Songfacts®: You can leave comments about the song at the bottom of the page.
The Zombies recorded this in one take after they won a talent contest at their college called the Herts Beat competition. The prize was a recording session.
This was The Zombies first single. The band also recorded a cover of Gershwin's "Summertime" for their first album, which was considered for the band's first single, but "She's Not There" got the nod. Boosted by radio play on New York powerhouse WINS, the song became a hit in the US. (thanks, Bertrand - Paris, France)
Some of the chord changes Argent used were inspired by Brian Hyland's "Sealed With A Kiss
." (thanks, Edward Pearce - Ashford, Kent, England)
This was The Zombies' biggest hit. Even though it did very well, their next releases didn't catch on until 1969, when they hit US #3 with "Time Of The Season
." Unfortunately, the band had already broken up by then and Argent had started his own group.
Keyboardist Rod Argent wrote this and most other Zombies songs. He later formed the early 1970s group Argent with Zombies bassist and co-writer Chris White. (thanks, Rick - Lafayette, NJ)
Lead singer Colin Blunstone re-recorded this in the early '70s under the name Neil MacArthur. His version went to #34 in the UK.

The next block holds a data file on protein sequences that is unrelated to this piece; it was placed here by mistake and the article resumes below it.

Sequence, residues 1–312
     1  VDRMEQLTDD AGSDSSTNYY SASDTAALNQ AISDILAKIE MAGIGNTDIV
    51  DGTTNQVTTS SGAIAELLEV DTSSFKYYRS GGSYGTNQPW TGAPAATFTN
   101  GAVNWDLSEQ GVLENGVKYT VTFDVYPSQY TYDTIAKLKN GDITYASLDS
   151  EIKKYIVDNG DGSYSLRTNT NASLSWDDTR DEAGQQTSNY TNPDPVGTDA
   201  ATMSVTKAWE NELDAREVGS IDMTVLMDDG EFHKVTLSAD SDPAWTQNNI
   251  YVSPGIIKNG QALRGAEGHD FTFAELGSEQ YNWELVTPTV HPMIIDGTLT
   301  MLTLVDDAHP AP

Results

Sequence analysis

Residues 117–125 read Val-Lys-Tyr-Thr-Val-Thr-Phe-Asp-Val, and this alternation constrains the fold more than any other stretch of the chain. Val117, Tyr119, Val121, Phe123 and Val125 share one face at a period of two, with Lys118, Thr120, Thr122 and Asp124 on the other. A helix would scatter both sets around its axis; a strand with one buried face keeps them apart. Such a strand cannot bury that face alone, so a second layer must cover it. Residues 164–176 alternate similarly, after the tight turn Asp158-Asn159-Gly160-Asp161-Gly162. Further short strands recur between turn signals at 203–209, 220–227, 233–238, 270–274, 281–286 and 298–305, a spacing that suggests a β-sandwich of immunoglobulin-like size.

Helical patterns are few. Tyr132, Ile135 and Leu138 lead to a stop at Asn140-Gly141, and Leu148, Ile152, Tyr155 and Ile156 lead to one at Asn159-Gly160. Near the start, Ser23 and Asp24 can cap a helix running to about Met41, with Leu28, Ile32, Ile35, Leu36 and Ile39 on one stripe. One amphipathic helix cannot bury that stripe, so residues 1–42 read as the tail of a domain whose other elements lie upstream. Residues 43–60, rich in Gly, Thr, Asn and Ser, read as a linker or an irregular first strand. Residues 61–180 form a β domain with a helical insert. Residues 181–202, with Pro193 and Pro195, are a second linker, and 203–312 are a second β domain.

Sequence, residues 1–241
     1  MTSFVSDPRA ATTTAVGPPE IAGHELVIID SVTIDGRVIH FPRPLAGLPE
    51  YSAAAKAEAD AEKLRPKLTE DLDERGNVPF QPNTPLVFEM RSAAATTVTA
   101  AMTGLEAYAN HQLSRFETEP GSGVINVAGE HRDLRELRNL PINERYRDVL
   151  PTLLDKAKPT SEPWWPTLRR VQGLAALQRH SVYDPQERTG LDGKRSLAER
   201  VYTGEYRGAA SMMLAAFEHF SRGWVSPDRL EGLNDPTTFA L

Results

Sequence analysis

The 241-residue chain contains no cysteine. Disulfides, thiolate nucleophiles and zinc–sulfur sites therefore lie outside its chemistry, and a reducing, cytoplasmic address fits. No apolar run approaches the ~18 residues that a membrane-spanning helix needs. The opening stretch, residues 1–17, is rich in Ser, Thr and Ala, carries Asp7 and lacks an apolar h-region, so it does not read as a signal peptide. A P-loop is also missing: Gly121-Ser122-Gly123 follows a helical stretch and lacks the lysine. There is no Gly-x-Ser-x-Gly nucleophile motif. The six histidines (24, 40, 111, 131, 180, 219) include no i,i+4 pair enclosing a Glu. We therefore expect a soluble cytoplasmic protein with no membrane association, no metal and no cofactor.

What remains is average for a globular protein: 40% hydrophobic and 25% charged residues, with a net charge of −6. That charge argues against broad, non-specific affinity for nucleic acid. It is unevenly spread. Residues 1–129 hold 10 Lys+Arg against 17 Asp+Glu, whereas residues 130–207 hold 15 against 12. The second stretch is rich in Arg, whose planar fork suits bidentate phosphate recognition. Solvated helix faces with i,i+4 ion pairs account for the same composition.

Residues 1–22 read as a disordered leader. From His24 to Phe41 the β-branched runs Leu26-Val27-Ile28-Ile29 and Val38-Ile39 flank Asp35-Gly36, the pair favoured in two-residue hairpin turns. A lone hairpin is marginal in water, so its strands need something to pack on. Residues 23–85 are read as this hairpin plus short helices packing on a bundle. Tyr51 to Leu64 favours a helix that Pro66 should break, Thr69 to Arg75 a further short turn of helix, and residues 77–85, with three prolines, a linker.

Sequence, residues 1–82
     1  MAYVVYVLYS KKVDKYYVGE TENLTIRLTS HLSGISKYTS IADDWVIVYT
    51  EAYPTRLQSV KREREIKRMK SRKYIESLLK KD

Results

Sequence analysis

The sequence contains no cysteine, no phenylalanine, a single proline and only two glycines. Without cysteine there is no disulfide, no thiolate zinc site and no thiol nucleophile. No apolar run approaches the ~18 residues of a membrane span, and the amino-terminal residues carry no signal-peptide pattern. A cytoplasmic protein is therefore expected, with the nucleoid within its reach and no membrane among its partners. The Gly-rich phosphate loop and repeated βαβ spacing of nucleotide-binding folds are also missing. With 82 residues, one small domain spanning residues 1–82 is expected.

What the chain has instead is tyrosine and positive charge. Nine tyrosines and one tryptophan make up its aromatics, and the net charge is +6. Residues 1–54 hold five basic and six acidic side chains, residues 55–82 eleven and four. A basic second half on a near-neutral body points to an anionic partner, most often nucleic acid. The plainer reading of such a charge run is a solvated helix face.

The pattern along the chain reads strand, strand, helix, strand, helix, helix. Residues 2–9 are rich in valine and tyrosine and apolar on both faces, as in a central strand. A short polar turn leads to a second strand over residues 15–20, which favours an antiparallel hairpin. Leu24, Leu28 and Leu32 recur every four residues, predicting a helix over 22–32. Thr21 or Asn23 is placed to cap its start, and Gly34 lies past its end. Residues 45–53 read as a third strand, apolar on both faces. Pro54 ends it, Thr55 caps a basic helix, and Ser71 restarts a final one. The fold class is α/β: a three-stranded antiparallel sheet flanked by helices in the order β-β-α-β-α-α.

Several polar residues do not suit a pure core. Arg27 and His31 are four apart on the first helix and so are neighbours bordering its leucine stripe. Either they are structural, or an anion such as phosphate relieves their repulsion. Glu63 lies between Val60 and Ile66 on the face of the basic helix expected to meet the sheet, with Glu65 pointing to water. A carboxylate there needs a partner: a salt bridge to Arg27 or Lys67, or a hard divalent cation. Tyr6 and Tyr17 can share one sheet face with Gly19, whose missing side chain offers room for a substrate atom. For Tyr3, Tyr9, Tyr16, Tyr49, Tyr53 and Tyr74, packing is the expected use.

The lead instrument is an electric piano, which was rare at the time. In the UK, it was the first hit song with an electric piano as the lead instrument.Rod Argent, the keyboard player in the Zombies, was challenged by Decca Records producer Ken Jones to write a hit record for his group, after they had just won the Herts Beat talent contest and he came up with this. (thanks, Edward Pearce - Ashford, Kent, England)
Santana covered this on their 1977 album Moonflower. Their version hit #27 in the US and #11 in the UK; it was the only non-live song from the otherwise live album. It was the last Santana cover song to chart. From here on out, the band would experiment with more Jazz-sounding material. Moonflower was also the last album before Supernatural to sell more than a million copies. (thanks, Jim - Oxnard, CA)
The king of Christian worship music explains talks about writing songs for troubled times.
The good doctor shares some candid insights on recording with Phil Spector and The Black Keys.
Michael Glabicki of Rusted Root
Michael tells the story of "Send Me On My Way," and explains why some of the words in the song don't have a literal meaning.
They Might Be Giants
Who writes a song about a name they found in a phone book? That's just one of the everyday things these guys find to sing about. Anything in their field of vision or general scope of knowledge is fair game. If you cross paths with them, so are you.